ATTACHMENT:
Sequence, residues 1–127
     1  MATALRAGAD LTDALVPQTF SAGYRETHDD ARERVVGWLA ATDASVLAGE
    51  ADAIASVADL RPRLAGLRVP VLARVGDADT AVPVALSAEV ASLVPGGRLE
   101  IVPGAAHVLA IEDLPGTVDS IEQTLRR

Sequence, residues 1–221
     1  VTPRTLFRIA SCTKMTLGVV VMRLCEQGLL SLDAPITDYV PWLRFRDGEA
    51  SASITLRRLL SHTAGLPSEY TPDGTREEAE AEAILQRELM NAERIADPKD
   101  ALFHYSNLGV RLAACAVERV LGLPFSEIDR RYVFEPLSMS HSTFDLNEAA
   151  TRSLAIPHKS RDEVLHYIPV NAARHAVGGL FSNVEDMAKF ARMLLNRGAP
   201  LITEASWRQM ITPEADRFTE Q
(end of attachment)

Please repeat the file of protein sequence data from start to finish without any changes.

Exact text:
Sequence, residues 1–127
     1  MATALRAGAD LTDALVPQTF SAGYRETHDD ARERVVGWLA ATDASVLAGE
    51  ADAIASVADL RPRLAGLRVP VLARVGDADT AVPVALSAEV ASLVPGGRLE
   101  IVPGAAHVLA IEDLPGTVDS IEQTLRR

Sequence, residues 1–221
     1  VTPRTLFRIA SCTKMTLGVV VMRLCEQGLL SLDAPITDYV PWLRFRDGEA
    51  SASITLRRLL SHTAGLPSEY TPDGTREEAE AEAILQRELM NAERIADPKD
   101  ALFHYSNLGV RLAACAVERV LGLPFSEIDR RYVFEPLSMS HSTFDLNEAA
   151  TRSLAIPHKS RDEVLHYIPV NAARHAVGGL FSNVEDMAKF ARMLLNRGAP
   201  LITEASWRQM ITPEADRFTE Q